By BYN, 6 years ago, ### A. New Rock Paper Scissors

The O(n2) solution is straight forward, although it can be solved in O(n) but it was not required. Even the O(n) seems easier to implement, but some cases might be missed. That's why the easiest problem of the contest turned out to be a little tricky. You see both kind of solutions in the scoreboard.

### B. Bayan Health Bracelet

In this problems you had to find the first condition that is met. If carefully implemented one can get accepted with no hassle.

### C. Grid History

The following two statements should hold for a valid grid:

• If the board is checkered, two cells have the same parity, if and only if they are colored the same.
• Let x be the value of a cell, and y be the value of the first cell with greater value than x. The length of the shortest path from x to y among the cells with value greater than or equal to x, is not greater than y - x.
• two greatest values of the board must differ by one.

Checking the first statement can be trivially done in O(nm). The second statement needs to be checked for every cell x on the grid, leading to an overall O(n2m2) time complexity, by running BFS nm times on the grid.

### D. Towers

Here is a good explanation by W4yneb0t, that gives a good perception on the solution.

The visible surface is at least the sum of the highest towers in each column, plus the highest towers in each row, plus the top surfaces.

For each k, you want to minimize the number of columns and rows that contain a tower taller than k. Put the k highest towers in the smallest (by perimeter) rectangle that can contain them. This rectangle is either a square, or has sides that differ by 1, or has one side length equal to min(n, m). So, this is the lower bound for the area, and since we can actually do that for all k at the same time, it's also the upper bound.

To calculate the number of ways, let's say you have the number of ways to pack the tallest ab towers in an a × b rectangle, with a ≤ b, and want to calculate the number of ways to pack the (a + 1)b tallest in an (a + 1) × b rectangle. You can extend the rectangle in either 2 or 4 directions (4 when a = b < min(n, m), 2 otherwise), and arrange b towers along the side in 2b - 1 ways.

### E. Water Barrels

At time zero, the water reaches the first barrel. Now assume that we already know the first k barrels that water reached them. Take the lowest pipe going out of these barrels, say it's located at height h. So all of these k barrels will be watered to height h, unless they are already reached height h. So with these information, we can calculate the time that water reaches k + 1-th barrel. The whole algorithm runs in O(n2 + m).

• As a exercise, try solving it in O(nlgn + m).

### F. Merge

Let's have a bottom-up definition of a block. At first, each single black cell is called a block.

A set of blocks are called diagonally-shaped, if each two consecutive blocks touch each other at their corners. It can be easily seen that they will indeed look like a diagonal. Now consider a maximal diagonal-shaped set of blocks on the grid; We call their square-hull a block too; And we call those blocks, children of the new big block. According to this definition, if the answer isn't -1, the whole grid must be a block. Here are some facts about the blocks:

• Black cells in each block can be merged into a single sub-square on the grid.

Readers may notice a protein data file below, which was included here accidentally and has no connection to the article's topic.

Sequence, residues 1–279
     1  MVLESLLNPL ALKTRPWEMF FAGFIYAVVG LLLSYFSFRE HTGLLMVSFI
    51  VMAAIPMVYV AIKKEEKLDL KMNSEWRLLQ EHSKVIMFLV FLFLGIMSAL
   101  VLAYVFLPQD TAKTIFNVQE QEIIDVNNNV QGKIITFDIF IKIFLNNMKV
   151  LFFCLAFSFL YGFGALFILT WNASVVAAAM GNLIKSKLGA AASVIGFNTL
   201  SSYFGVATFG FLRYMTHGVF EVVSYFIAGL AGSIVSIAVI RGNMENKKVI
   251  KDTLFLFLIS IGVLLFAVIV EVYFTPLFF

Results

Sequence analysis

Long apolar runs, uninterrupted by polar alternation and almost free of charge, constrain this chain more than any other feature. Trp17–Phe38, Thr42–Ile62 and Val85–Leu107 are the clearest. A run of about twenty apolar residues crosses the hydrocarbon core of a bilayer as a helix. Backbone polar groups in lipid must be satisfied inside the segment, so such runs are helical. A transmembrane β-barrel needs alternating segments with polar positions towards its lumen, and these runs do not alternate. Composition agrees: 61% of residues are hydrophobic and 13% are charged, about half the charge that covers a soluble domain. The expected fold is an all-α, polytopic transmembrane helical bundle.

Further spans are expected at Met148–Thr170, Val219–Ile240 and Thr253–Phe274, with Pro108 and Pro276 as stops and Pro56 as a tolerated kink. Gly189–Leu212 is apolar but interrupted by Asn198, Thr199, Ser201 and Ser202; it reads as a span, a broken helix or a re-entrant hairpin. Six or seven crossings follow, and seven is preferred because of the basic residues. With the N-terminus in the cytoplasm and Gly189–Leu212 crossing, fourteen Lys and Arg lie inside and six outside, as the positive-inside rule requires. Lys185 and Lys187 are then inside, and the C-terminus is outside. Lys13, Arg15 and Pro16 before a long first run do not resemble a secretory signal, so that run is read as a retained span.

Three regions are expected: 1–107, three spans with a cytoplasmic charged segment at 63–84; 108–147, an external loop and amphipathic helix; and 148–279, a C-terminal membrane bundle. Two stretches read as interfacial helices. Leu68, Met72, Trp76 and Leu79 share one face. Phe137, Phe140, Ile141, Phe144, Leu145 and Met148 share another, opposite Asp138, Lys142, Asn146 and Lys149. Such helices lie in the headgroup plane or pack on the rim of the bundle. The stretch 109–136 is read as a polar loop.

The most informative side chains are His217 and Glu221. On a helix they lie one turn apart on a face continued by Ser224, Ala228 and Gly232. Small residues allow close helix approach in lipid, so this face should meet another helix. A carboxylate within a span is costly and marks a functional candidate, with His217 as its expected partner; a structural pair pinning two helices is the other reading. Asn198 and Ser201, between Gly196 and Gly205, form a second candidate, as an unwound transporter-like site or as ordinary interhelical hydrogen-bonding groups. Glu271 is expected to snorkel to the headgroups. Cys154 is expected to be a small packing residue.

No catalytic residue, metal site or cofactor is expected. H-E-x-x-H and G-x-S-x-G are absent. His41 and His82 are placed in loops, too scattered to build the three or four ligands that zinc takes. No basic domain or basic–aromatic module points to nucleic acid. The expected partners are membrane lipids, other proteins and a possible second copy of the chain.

• Not every merge-able sub-square is called a block.
• Each block has a unique diagonal direction, which can be used to decompose it to it's children.
• Diagonal direction of each block is opposite of it's children's diagonal direction.

Now let's make a tree, using our blocks and the children definition we had. Notice that the whole grid is the root. Let ansu be the minimum sum of cells in block u, in the optimal merging plan for this block, so the answer to the problem is ansroot. Let v1, v2, ..., vk be the children of vertex u. The last merge operation in this block, merges v1, ..., vp with vp + 1... vk, for some p.

• It can be proven that in optimal solution, one of these parts is merged completely before the other one starts merging. in fact, the bigger part should be merged first. Why?

At this point we have an O(n3) solution. For each block u, let's define dpi, j as the minimum sum of cells in blocks vi, ..., vj, after merging them into one sub-square. So ansu equals to dp1, k. For each i and j, we should choose the last move, i.e. choose some p, (i ≤ p < j), and update dpi, j from dpi, p and dpp + 1, j. The details of it are just some boring calculations.

To improve this solution to O(n2), we just need to see that in the optimal solution, dp[i][j] will be updated from p = i or p = j - 1.

..

Special thanks goes to havaliza, mR.ilchi, haas and mruxim for preparing the problems and the editorials. Hope you enjoyed the problems.  Comments (9)
 » 6 years ago, # | ← Rev. 2 →   I problem C:I think there are more conditions to be checked.1 26 3This sample meets your conditions. But the answer seems to be NO
•  » » Two greatest values of the board must differ by one, and 6-3=3.
•  » » Thank you, fixed!
 » Nice problems, but lack of medium ones.
•  » » ? Only F was hard. D wasn't that obvious too, but C and E were solved by >100 people, you definitely shouldn't call them hard.
•  » » » 6 years ago, # ^ | ← Rev. 2 →   People ranked between 181 and 763 solved exactly A and B,so I think there is a high difficulty distance between A-B and other problems (which may not be important for top 100)
•  » » » » 6 years ago, # ^ | ← Rev. 2 →   Yes, this is the distance between the straightforward implementation problems and easy/medium ones.
 » I can not find problems link of this contest. Would you please send me you problems? Thank you!
•  » »